Kenyatta sacks tainted cabinet members, wages war on corruption

President Uhuru Kenyatta announcing his new cabinet nominations Tuesday. Deputy President William Ruto looks on

President Uhuru Kenyatta announcing his new cabinet nominations Tuesday. Deputy President William Ruto looks on

A day after laying out his comprehensive roadmap to rid his government of endemic corruption, Kenyan President Uhuru Kenyatta has changed his cabinet sacking all five Cabinet Secretaries who have been implicated in corruption scandals.

President Kenyatta underscored the changes to his government were long overdue and that they will enable the Jubilee government to enhance efficiency as they deliver on the campaign pledges.

The President’s decision to alter his cabinet comes days after the embattled Cabinet Secretary for Devolution, Anne Waiguru resigned due to public and political outcry over alleged corruption scandals that had been dogging her and her ministry. She has been replaced by former Assistant Minister Mwangi Kiunjuri.

In Tuesday’s reshuffle, Kenyatta fired four other Cabinet Secretary that have not been cleared by the Ethics and Anti-Corruption Commission (EACC), and one who has since been cleared,  following their implication in several corruption cases.

The five Cabinet Secretaries are;  Charity Ngilu of Lands, Kasungu Kambi of Labour, Felix Kosgei of Agriculture, James Kamau of Roads and Energy CS Davis Chirchir (has been cleared by the commission).

“The changes are expected to achieve four principle objectives; to enhance the efficiency of the public service, to ensure accountability of public officials in the discharge of their mandate, to guarantee the accessibility of public officers to those that they serve and review the effectiveness of government projects and programs for public good,” the president said.

The new cabinet secretary nominees are: Kericho Senator, Charles Keter appointed to head Energy, former assistant minister Mwangi Kiunjuri, Planning and Devolution ministry, Malindi MP Dan Kazungu appointed to the Ministry of Mining, while Professor Jacob Kaimanyi moved from Education to Lands, Willy Bett to head Ministry of Agriculture, Joe Mucheru to head Ministry of ICT, and Cleophas Mwinzi to head Ministry of Health.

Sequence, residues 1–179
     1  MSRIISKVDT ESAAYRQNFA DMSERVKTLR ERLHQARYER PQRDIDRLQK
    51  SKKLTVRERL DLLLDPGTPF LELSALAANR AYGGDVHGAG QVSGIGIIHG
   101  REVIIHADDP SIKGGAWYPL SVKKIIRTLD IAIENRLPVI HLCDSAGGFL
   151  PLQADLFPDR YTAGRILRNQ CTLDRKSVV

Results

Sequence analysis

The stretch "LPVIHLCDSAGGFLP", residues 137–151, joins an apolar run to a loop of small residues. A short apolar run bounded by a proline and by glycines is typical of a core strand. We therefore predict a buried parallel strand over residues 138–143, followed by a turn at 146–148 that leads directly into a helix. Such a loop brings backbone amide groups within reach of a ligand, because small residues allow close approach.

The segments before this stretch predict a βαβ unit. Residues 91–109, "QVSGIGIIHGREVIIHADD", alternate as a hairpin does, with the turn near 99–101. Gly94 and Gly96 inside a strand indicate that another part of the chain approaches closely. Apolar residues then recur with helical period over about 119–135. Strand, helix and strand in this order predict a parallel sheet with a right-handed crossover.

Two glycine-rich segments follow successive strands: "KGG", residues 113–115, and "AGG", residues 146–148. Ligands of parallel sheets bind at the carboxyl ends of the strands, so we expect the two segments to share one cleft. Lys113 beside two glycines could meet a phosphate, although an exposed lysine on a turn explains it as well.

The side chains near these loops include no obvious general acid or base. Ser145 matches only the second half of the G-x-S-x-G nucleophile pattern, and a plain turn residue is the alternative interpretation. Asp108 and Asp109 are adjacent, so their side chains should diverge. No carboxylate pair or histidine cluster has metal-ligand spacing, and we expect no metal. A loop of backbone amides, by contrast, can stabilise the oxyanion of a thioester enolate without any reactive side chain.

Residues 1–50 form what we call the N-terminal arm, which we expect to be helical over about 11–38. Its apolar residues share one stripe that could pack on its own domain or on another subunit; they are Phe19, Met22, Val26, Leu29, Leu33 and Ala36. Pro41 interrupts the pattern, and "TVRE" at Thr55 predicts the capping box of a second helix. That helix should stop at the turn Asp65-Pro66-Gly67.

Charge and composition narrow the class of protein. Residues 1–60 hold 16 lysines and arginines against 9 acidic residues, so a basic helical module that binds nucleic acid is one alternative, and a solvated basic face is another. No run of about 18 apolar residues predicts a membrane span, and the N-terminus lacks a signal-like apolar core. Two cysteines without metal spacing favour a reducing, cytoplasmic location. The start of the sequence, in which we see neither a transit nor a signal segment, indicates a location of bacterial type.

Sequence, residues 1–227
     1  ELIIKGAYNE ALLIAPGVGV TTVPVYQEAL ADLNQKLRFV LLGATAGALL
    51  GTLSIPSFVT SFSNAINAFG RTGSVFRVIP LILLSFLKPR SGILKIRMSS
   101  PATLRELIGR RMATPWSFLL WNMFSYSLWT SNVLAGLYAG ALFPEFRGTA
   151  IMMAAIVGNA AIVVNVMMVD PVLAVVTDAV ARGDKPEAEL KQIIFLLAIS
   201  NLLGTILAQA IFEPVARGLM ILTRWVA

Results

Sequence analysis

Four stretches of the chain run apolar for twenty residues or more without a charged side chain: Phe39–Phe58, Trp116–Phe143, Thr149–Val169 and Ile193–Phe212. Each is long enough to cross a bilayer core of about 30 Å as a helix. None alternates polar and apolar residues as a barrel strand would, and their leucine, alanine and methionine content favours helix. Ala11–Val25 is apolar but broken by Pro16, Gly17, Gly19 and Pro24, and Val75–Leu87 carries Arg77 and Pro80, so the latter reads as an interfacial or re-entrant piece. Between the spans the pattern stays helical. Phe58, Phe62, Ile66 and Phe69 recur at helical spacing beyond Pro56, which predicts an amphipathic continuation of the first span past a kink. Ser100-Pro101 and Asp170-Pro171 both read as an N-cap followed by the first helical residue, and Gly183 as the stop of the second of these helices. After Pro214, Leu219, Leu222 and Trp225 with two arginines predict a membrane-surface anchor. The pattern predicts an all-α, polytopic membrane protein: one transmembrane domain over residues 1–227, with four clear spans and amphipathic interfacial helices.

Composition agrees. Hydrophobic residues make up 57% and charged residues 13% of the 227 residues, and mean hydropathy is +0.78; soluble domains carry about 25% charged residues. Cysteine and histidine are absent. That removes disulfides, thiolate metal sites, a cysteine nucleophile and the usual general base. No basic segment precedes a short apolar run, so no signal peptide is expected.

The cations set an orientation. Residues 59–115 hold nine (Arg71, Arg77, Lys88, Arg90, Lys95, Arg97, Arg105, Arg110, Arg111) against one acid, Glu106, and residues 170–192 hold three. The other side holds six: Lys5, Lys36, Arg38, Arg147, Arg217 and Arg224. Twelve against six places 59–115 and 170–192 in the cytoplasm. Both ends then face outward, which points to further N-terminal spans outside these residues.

Kenyatta also increased the number of ministries from nineteen to twenty and that of the departments from current twenty six (26) to forty one (41).

In his speech the president said “Some of the departments were far too large and indeed difficult to administer and some in some cases were not in align with the government objectives.”

President Kenyatta called on the Kenyan National Assembly to expedite the vetting process of the new cabinet so the team “can get down to work as soon as possible.”

Today’s cabinet changes come 24 hours after Kenyatta  labeled the scourge of corruption tainting his administration a national security threat tasking his national intelligence services to join in the aggressive fight against graft.

“In order to streamline Government and thereby also reduce opportunities for theft and wastage, we will immediately enact the Parastatal Reform Bill. This is the least we can do to reflect the prudence that the Constitution enforces on us,” President Kenyatta said on Monday.

Kenyatta and his government have been struggling to combat corruption, and the vice has tarnished the East African nation abroad. Last week, more than 50 government officials were rounded up in an anti-corruption sweep and they are currently facing corruption-related charges.

This year alone, nearly 400 high ranking government officials have been nabbed and arraigned in court on corruption charges.

Kenya’s out of control corruption has captured attention of foreign diplomats and leaders. Two weeks ago 11 heads of diplomatic missions in Kenya resolved to sanction individuals implicated in corruption cases. The diplomats led by US Ambassador to Kenya Robert Godec agreed subject ‘corrupt” officials to international asset freeze and travel bans.

Also on his recent trip to Kenya, US President Barack Obama urged the authorities to conduct “public trails and prosecutions” to demonstrate to the Kenyan people that the government is serious about the country’s “biggest impediment” to growth.


Foreign Affairs – Amina Mohamed

Mining – Dan Kazungu

Sports, Arts and Culture – Hassan Wario

Water and Irrigation – Eugene Wamalwa

Environment – Prof Judy Wakhungu

Devolution and Planning – Mwangi Kiunjuri

National Treasury – Henry Rotich

Education – Fred Matiangi

Transport and Infrastructure – James Macharia

Agriculture: Willy Bett

Interior – Joseph Nkaissery

Public Service, Youth and Gender Affairs – Sicily Kariuki

Energy and Petroleum – Charles Keter

Health – Cleopha Mailu

Labour and EA Affairs – Phylis Kandie

Defence – Raychell Omamo

Attorney General– Githu Muigai

Lands – Jacob Kaimeny

Industrialisation – Adan Mohamed

ICT – Joe Mucheru

Tourism – Najib Balala